The breadth and the depth, we'll show that in more detail, and then the financial profile, we've walked through the strong cash flow. We have, as you'll see, no real direct competitors that provide the breadth of product and service that we provide. But as we go head-to-head in some print engagements with the competitive set, we have outgrown the competitive set on a product-by-product basis.

Print industry, and apologize some of those data is a little bit dated, but it was the most recent available. So print industry is very large, $280 billion in the world and that excludes newspaper print, which we don't participate in.

In the U.S., the market, again excluding newspaper print, is about $112 billion. So Donnelley is the largest in both the U.S., and the world has a relatively small share of this market. And the trends, clearly, and I won't spend a ton of time on Slide 7, but the trends clearly favor the large. And that's the trends in consolidation that we see amongst our suppliers set, the trends that we see in consolidation amongst our customers.

And then just the excess capacity in the industry has clearly benefited a consolidation play. We feel very good about the platform that we built on the print side, and we feel very good about our ability to leverage that into growing out the service offerings that we have.

Illustrative slide of just how consolidation has occurred amongst the printers as well as amongst the supplier base. I won't spend much time on this, but suffices to say that having the scale that Donnelley has is a key statistic advantage for us, as we go to negotiate contracts with the supplier base, and we can offer them a volume level and consistency of volume that's very important to them. And this is Slide 9, what I referred to before as just the landscape. The top part of this slide represents the largest printers and that's by revenue. And you can see Donnelley on the left-hand side. The 2 companies next to us are domiciled in Japan. We don't see them in their market, and they don't participate much in our markets. And then it falls off pretty quickly to Quad, at less than half of our size, and Transcontinental, who does most of their business in Canada, some newspaper printing in the United States and then Deluxe and on down.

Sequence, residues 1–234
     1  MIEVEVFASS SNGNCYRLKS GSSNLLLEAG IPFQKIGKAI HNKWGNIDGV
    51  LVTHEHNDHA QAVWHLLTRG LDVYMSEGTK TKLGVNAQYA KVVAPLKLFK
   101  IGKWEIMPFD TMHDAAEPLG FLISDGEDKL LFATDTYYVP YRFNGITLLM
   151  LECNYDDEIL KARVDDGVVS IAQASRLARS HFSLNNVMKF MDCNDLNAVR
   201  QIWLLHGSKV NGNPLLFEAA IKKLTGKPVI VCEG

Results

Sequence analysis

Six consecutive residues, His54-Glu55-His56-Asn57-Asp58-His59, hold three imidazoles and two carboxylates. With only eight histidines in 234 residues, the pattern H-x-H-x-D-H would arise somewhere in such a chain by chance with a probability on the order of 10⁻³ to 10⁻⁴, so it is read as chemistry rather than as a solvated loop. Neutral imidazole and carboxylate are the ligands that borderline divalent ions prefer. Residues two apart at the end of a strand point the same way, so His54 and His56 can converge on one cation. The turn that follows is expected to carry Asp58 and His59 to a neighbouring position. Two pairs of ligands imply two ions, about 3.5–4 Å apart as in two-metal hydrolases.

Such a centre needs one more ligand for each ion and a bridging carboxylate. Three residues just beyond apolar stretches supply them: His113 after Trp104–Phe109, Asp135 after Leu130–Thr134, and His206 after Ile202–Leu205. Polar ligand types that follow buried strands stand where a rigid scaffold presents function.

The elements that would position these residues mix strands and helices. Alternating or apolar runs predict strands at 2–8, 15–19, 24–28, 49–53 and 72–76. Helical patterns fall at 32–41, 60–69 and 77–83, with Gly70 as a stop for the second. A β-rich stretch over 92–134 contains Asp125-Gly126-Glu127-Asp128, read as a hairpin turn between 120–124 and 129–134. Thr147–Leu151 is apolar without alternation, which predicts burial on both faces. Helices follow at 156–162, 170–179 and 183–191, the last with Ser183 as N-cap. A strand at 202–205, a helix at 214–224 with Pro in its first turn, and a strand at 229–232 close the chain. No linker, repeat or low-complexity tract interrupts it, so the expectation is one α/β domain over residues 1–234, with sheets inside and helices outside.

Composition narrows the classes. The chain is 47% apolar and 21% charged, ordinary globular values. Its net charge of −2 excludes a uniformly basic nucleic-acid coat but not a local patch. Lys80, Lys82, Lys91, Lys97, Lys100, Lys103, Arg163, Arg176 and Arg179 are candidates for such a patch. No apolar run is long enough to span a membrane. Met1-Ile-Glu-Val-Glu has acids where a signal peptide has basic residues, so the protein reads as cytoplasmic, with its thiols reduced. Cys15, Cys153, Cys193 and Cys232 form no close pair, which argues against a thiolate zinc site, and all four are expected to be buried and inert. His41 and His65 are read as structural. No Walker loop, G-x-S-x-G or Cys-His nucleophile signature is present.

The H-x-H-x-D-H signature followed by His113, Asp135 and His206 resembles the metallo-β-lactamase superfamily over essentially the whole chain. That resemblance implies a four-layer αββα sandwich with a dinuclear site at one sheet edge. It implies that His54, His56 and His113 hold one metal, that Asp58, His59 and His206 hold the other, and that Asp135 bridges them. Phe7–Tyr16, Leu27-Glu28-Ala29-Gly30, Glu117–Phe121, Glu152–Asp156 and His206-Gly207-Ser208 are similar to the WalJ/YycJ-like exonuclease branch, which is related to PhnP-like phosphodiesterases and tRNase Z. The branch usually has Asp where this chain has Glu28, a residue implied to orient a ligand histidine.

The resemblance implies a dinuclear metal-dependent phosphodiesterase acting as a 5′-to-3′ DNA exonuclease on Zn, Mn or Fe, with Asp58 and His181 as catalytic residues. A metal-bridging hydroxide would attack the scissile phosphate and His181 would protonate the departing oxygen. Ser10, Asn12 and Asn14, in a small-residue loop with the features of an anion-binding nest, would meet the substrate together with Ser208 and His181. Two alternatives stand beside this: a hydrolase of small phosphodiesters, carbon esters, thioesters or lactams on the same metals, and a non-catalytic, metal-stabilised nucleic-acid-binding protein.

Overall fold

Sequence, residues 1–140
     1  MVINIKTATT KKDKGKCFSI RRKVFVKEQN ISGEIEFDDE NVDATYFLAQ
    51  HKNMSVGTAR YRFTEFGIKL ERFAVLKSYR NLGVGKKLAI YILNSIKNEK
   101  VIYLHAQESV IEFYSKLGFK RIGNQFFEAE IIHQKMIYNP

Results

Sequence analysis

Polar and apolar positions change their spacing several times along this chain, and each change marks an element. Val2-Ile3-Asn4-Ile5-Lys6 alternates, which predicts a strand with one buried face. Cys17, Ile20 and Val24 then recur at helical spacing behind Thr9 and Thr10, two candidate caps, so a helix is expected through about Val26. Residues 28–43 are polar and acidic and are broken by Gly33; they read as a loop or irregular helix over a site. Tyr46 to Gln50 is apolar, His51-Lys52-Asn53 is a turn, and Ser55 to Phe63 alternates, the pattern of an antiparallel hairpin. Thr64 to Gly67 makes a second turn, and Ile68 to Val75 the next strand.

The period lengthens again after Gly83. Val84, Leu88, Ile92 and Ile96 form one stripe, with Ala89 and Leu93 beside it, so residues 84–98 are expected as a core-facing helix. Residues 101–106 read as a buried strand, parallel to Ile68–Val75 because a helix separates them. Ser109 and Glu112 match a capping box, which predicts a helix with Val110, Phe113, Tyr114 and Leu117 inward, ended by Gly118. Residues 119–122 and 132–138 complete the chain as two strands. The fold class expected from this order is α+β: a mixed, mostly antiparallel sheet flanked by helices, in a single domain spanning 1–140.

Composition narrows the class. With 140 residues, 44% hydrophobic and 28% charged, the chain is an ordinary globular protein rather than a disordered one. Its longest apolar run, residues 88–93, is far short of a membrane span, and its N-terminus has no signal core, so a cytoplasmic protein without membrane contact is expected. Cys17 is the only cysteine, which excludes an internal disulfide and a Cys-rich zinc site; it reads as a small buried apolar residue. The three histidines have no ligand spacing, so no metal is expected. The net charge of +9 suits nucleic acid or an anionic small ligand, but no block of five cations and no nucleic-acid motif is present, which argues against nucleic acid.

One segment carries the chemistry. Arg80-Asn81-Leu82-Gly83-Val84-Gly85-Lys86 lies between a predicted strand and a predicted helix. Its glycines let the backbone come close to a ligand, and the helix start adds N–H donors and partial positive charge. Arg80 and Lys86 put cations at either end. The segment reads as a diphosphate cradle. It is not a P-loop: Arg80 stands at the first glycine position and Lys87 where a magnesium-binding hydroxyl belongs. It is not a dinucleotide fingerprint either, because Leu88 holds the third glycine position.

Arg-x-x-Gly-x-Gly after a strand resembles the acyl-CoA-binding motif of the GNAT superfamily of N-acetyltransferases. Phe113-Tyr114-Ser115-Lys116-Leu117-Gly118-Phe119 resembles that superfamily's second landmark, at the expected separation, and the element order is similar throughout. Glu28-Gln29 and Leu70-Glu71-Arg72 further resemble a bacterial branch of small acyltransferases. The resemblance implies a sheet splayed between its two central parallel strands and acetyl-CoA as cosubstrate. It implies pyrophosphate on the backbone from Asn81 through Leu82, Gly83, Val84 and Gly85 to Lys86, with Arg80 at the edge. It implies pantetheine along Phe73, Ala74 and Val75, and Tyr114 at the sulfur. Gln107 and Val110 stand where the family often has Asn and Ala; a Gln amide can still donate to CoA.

Interestingly, on the bottom chart what we've tried to do is lay out the services and products that are offering -- offered by the different competitors in the space. And Donnelley, you can see a very wide breadth of products. We also didn’t make an attempt to denote the depth in each of these offerings, but very deep in each of these offerings, as we'll show on a slide coming up and how our diversified revenue is.